From: TerryMoselat

Date: 10 February 2010 01:15:27 GMT

Subject: Lecture, Fireball latest, Galway Star Party, Water on Europa


1. NEXT IAA LECTURE, 10 February:  The next of the Irish Astronomical Association's public lectures will be given by Prof. Stephen Smartt, of Queen's University Belfast. 

   His talk is entitled "Supernovae: the latest findings", and promises to be a fascinating subject. Prof. Smartt is a renowned expert on this subject, so we're sure of a fascinating talk.  It's on WEDNESDAY 10 February, at 7.30 p.m., in the Bell Lecture Theatre, Physics Building, Queen's University, Belfast. ADMISSION IS FREE, as always, and includes light refreshments. Everyone is welcome! Full details of the rest of the programme are on the website:


2. BRIGHT FIREBALL OVER IRELAND - LATEST: I've received scores and scores of reports on the very bright fireball which was seen over a large part of Ireland on Wednesday 3rd, at about 6 p.m. Thanks to all who sent them, or forwarded them.

   Reports have been received from all over the country, from Cork and Kerry to Sligo, Fermanagh, Tyrone, L/Derry and Donegal, and from Dublin to Clare.

   Latest indications are that any possible meteorite fall would have been in the Northwest - possibly Donegal, West Co L/derry, West Tyrone, or maybe in the sea

    Since there is a possibility of a meteorite fall, the more detail we have, the better chance we have of finding it. If you saw it, or know anyone who did, please send in as much detail as possible, preferably including your best estimates of as many of the following as possible:

Exact Time

Your Location

Direction you were facing

Direction the fireball moved (e.g. Left to Right, if you know what direction you were facing) or NE to SW, or S to N, etc)

Height of the fireball above your horizon at start, highest point, and end of its visibility. You can estimate that in degrees if you have the experience, where 0 degrees is the horizon and 90 degrees is overhead. Otherwise, say something like 'halfway (or quarter way, or whatever) from the horizon to the zenith (overhead point)

How bright was it, compared to a full moon?

For how long was it visible, in seconds?

How far across the sky did you see it travel - e.g. halfway? quarter way? Less? More?

Did you hear any sounds, like bangs, or pops, or crackling?

Did you see it break up, or any pieces fall off it?

Did you see it fade away to nothing, or did you see it disappear behind a building, or tree, or hill etc?



3.    GALWAY STAR PARTY: 12-13 February.

ROUTE: The whole of the route from Dublin to Galway (N4/M4/N6) is now motorway or dual carriageway from near Heuston Station in Dublin to the Galway Ring Road, so for intending visitors from Belfast, Co Antrim or Co Down, the easiest way to get there would be via the M1 to Dublin, round the M50, and then along the N4/M4/N6. This would not be the shortest way, but it could well be the quickest, and certainly the simplest. But it involves three tolls! €1.90 on the M1, about €2.50 on the M50, depending on how and when you pay (it's electronic tolling there now!), and a hefty €2.90 on the M4!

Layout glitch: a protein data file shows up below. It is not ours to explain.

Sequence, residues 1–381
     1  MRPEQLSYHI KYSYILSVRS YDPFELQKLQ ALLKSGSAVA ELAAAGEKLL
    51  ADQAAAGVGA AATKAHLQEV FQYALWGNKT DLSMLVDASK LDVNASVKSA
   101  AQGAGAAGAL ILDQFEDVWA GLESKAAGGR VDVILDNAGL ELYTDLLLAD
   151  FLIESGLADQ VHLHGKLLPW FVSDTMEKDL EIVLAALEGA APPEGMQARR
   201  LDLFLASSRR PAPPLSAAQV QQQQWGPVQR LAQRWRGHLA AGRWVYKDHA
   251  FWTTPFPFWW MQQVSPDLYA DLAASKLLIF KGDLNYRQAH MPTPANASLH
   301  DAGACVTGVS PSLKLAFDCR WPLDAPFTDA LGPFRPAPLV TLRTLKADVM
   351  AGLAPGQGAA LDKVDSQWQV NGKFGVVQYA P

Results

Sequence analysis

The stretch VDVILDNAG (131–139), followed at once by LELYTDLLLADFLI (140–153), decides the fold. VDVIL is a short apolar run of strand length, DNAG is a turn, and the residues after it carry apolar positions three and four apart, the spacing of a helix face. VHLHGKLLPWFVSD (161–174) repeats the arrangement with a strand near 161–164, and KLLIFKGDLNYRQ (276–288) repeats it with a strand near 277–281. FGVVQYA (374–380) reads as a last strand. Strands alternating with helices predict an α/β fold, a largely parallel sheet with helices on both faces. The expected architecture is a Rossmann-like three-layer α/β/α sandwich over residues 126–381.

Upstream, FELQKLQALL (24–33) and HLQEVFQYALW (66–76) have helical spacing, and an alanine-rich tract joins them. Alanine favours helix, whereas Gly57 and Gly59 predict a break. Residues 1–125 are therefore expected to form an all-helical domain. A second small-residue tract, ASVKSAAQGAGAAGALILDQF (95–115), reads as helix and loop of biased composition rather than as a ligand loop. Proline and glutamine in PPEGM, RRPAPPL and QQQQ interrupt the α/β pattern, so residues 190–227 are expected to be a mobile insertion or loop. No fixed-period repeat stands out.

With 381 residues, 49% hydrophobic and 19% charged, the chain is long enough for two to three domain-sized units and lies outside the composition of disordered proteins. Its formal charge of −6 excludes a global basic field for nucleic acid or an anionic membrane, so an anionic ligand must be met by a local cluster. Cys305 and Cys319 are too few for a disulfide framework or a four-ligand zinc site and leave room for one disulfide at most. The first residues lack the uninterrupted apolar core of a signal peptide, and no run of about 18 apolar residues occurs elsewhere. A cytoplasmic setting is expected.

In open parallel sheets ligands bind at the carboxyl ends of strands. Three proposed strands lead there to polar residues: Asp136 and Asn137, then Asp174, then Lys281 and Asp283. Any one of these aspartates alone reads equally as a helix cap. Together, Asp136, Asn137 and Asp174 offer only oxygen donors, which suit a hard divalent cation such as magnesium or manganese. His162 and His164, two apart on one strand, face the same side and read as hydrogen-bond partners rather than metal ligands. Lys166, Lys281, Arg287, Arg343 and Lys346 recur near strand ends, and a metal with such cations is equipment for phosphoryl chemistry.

If it's your first trip along there in recent times, watch out for the fork in the motorways near Kinnegad! You need to be in the left lane, and fork off to the left for Galway, otherwise you'll find yourself on the way to Mullingar!

   Also, if you're going from the M1 onto the M50 Southbound (i.e round towards the N3, N4, N7 etc), there's a direct offslip/onslip connection from one to the other - watch out for the lane signs as you filter off the M1.



Friday February 12th Westwood House Hotel 7.30pm

7.30pm     Philip Walsh: “The Drake Equation”

    Philip Walsh is an amateur astronomer who been interested in the subject for many years and is a committee member of the Galway astronomy club. Is the Universe teeming with life, is life comparatively rare or are we totally alone in the heavens? These and other questions are explored in this talk which draws on many fields including microbiology, geology and history to identify some of the main factors necessary for communicable civilisations to evolve.

8.10pm  Professor Paul Mohr: “Cassini, Meridiani, nodding Ecliptic”

    Paul Mohr was born in England in 1931 and was educated at Manchester University. In 1957 he established the Department of Geology at Addis Ababa University, in 1977 he was appointed Professor of Geology at NUI Galway and retired in 1996. The inspiration for his talk comes from an American science Historian, Professor John Heilbron’s new book.

Subtitled' Cathedrals as Solar Observatories' it concerns a period of major astronomical advance, in post-Galilean Italy. The ‘nodding ecliptic’ refers to the discovery that the angle between the celestial equator and the ecliptic was found to be changing by an exceedingly

minute but measurable amount.

9.30pm-1am: Observing at Brigit's Garden

Speakers: Saturday February 13th

09.20am - 09.50am: Registration

Admission:  Adult  €30; Students / GAC Members €20; U18/OAP  Free

10.00am. Dr Aaron Golden NUI Galway: “Has Earth Contaminated the Solar System?

– the Case for Life on Mars”

   Aaron Golden is a lecturer in the IT Dept. of NUI Galway. He has degrees in Experimental Physics, Computational Science and Astrophysics and is a well known speaker on the Irish Astronomical scene. His talk will outline the story to date on the search for life on Mars. He will explore the problem from an astrobiological perspective, arguing that the likelihood is that any life that we do eventually detect will probably be a distant relative of ours...

10.50am. Dr Vitaly Neustroev NUI Galway: "Amateur Astronomers and Cataclysmic Variables"

   Vitaly Neustroev is a native of Russia, an amateur astronomer and scientist at the Centre of Astronomy at NUI Galway. Amateur Astronomers in organisations devoted to variable star observation such as the Irish Variable Star Observers Group use photometry help to keep